blood-injury reactions, his panic disorder did threats, such as diffusion of treatments, com-
not return, and he was free of psychopathology pensatory equalization of treatments, or exper-
at his four-month follow-up. This case study imenter expectancy. These threats can be
involved an ABABCB design, where A = the first overcome by other means, such as those men-
and second courses of CBT, B = exposure to tioned earlier. For quasi-experimental designs,
blood-injury stimuli, and C = treatment with however, there is always some degree of threat to
applied tension. This design makes it unlikely internal validity, such as the selection threat.
that the results are due to threats to internal Cook and Campbell (1979) offer the following
validity such as history or maturation. guidelines about how to assess the degree of
There are many other types of single-case threat to internal validity.
experimental designs, which can be used for
other types of research questions (see Barlow Estimating the internal validity of a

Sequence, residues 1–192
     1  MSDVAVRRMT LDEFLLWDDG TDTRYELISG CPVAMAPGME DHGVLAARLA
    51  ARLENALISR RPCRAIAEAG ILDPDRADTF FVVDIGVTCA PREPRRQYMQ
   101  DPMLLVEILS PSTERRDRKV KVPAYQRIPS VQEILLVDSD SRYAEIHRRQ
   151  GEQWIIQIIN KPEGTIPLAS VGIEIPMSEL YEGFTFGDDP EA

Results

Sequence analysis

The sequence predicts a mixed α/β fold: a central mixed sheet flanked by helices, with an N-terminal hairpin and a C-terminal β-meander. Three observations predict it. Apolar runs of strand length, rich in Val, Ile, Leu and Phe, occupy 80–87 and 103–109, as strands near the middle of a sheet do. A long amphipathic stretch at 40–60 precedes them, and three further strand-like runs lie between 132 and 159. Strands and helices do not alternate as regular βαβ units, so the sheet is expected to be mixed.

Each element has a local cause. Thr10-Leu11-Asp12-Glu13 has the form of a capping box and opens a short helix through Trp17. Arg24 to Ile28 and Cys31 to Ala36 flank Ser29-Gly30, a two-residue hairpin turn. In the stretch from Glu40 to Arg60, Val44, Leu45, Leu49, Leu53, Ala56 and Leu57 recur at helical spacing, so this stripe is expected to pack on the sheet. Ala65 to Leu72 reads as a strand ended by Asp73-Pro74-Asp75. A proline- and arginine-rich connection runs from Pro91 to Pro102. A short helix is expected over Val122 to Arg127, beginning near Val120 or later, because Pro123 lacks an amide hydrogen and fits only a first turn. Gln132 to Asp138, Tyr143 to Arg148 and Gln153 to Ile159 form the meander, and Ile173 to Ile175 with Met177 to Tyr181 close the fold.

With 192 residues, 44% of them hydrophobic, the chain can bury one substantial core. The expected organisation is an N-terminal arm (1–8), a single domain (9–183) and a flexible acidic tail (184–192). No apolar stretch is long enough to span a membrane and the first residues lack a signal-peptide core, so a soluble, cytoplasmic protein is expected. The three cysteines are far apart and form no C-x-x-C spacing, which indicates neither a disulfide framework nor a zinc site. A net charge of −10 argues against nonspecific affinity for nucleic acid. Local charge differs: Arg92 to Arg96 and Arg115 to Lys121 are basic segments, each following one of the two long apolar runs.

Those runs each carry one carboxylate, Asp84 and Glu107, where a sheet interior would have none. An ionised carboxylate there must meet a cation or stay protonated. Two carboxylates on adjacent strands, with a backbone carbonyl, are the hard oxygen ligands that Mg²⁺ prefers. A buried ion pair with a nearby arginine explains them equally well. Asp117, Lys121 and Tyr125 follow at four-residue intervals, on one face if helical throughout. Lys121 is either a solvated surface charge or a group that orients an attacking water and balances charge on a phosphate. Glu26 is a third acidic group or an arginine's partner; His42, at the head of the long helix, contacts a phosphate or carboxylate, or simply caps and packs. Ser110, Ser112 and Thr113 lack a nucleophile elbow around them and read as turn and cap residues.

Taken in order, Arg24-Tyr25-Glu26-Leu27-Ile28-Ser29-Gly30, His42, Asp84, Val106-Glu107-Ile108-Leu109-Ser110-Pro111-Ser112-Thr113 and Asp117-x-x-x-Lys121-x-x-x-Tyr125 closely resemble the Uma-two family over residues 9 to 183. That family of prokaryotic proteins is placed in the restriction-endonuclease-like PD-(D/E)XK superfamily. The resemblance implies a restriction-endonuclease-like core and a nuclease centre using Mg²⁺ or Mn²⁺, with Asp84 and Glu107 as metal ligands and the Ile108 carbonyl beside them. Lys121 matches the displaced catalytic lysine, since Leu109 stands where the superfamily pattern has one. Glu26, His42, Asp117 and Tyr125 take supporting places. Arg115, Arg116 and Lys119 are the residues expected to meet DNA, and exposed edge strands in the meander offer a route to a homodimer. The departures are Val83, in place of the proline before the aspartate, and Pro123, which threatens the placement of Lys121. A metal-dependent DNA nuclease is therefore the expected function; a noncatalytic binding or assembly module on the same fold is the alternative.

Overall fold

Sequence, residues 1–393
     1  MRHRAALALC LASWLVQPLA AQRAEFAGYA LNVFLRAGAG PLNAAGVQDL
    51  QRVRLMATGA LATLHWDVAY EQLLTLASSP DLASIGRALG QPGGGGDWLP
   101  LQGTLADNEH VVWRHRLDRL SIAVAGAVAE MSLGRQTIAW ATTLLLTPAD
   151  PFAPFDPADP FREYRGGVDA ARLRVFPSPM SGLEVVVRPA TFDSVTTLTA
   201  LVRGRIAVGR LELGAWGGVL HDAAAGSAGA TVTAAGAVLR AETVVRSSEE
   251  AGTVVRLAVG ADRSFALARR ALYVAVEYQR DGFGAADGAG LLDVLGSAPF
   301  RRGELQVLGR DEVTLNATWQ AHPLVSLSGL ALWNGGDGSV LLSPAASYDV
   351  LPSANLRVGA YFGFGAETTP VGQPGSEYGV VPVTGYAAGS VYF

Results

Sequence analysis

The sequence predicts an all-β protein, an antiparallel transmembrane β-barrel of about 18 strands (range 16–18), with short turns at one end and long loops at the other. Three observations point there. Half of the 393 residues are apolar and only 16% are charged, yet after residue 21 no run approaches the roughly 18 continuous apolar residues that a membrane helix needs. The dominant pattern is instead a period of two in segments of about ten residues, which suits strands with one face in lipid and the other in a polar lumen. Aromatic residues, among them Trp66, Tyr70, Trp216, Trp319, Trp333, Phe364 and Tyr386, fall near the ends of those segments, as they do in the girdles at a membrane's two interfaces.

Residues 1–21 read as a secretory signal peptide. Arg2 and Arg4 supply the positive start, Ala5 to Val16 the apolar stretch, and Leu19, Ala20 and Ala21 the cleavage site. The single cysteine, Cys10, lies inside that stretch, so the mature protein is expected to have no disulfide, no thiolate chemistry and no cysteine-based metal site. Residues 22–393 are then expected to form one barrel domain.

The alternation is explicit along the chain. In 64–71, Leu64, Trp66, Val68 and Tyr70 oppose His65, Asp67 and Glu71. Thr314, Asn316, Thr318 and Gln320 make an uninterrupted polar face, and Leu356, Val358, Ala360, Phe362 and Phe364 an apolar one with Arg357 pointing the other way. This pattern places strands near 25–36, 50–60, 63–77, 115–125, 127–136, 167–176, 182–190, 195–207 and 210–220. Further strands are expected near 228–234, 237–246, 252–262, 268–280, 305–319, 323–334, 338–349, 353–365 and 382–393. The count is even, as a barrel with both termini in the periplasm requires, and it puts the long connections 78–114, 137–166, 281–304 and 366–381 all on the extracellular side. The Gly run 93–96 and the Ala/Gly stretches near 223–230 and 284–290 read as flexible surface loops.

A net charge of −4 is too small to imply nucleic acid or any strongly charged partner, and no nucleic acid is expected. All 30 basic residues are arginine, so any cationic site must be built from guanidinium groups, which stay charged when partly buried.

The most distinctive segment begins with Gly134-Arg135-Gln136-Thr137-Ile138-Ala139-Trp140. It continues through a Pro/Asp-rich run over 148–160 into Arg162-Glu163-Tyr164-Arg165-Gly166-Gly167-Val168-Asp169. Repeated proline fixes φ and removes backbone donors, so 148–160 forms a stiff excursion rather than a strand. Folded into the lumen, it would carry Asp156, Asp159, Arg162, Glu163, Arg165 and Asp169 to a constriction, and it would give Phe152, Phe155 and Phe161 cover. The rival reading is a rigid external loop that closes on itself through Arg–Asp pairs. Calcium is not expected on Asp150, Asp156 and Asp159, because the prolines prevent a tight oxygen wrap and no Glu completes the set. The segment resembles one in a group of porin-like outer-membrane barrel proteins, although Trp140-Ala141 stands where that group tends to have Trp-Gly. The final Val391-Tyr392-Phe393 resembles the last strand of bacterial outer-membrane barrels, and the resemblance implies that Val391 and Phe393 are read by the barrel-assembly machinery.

& Hersen, 1984; Onghena & Edgington, 2005). relationship is a deductive process in which
Studies using single-case experimental designs the investigator has to systematically think
are useful for studying unusual cases and for through how each of the internal validity
conducting preliminary evaluations of new threats may have influenced the data. Then,
treatments. These studies are insufficient in the investigator has to examine the data to test
themselves for drawing strong conclusions, but which relevant threats can be ruled out. In all
they provide some indication of whether it is of this process, the researcher has to be his or
useful to conduct further investigations. Early her own best critic, trenchantly examining all
case studies of CBT for panic disorder (e.g., of the threats he or she can imagine. When all
Clark, Salkovskis, & Chalkey, 1985) provided of the threats can be plausibly eliminated,